SILENT SPRING: A LEGACY OF SILENT SPRING: THE ENVIRONMENTAL PROTECTION AGENCY
At the time of writing of Silent Spring, environmental protection at the federal level of the United States was managed by several different agencies.
ESTABLISHING THE EPA
President Kennedy instigated a major review of the allegations set down in Silent Spring but public concerns over environmental protection continued through the late 1960s. In 1970, President Nixon established the US Environmental Protection Agency (EPA) as a single, independent agency responsible for comprehensive regulation of environmental pollutants, including pesticides.
- The EPA is led by a Cabinet-rank Administrator who is appointed by the US President and approved by Congress. The Agency has approximately 17,000 employees including engineers, scientists, and lawyers.
- The EPA carries out environmental assessment, research, and education, and enforces national standards under federal environmental laws, in partnership with state, tribal, and local governments. EPA enforcement powers include fines, sanctions, and other measures.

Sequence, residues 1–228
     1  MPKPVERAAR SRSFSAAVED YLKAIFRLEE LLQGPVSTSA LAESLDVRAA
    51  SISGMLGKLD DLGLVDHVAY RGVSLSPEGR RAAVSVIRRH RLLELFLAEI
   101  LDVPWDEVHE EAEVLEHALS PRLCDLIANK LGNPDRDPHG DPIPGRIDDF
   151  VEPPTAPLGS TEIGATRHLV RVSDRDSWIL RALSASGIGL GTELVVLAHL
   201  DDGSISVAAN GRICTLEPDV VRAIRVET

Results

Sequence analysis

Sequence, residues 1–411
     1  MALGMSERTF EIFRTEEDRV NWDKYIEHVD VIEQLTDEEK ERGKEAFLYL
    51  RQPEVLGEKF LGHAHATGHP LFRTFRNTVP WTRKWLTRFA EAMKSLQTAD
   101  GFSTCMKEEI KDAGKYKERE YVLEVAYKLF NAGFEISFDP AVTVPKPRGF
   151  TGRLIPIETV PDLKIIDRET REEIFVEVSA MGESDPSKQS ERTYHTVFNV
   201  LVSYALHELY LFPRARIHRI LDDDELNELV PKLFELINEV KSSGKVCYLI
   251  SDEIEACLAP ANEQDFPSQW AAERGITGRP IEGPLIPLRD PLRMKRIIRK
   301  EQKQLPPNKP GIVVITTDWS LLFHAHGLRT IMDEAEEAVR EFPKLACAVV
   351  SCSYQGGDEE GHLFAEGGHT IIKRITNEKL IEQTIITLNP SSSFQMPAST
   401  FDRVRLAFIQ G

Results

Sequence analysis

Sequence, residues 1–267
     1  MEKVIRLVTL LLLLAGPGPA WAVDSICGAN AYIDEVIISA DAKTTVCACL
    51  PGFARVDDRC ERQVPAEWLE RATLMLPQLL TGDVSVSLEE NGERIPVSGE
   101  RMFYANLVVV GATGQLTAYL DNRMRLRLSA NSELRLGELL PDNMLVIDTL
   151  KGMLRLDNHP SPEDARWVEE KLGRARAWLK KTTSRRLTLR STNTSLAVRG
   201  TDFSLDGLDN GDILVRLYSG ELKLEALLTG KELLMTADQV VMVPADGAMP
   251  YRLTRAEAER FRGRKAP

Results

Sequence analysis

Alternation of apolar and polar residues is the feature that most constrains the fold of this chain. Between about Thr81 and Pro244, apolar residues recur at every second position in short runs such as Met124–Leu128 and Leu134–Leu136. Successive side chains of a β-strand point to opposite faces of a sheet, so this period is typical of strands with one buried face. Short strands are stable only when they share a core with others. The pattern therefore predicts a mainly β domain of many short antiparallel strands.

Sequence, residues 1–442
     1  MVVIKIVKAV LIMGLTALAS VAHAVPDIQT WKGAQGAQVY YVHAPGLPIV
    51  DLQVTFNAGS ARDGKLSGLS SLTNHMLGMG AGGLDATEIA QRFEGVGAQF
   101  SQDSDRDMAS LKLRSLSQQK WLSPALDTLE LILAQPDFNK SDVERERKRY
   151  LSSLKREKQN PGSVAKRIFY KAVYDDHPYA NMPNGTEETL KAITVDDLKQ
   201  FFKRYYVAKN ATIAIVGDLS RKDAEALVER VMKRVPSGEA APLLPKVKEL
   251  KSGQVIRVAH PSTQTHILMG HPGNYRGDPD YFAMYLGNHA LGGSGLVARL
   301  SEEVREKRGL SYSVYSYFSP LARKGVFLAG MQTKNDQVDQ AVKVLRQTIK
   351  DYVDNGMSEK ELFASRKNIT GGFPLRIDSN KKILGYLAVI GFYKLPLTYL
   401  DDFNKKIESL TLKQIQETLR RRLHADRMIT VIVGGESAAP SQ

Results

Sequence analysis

- The Agency also works with industries, governments and the public in a variety of voluntary pollution prevention and energy conservation programs.
- Today, pesticides in the USA are subject to over 100 health, safety and environmental tests.
Some critics believe that the EPA has too much authority and can stifle economic development. In contrast, others criticize the EPA for not doing enough to control pollution.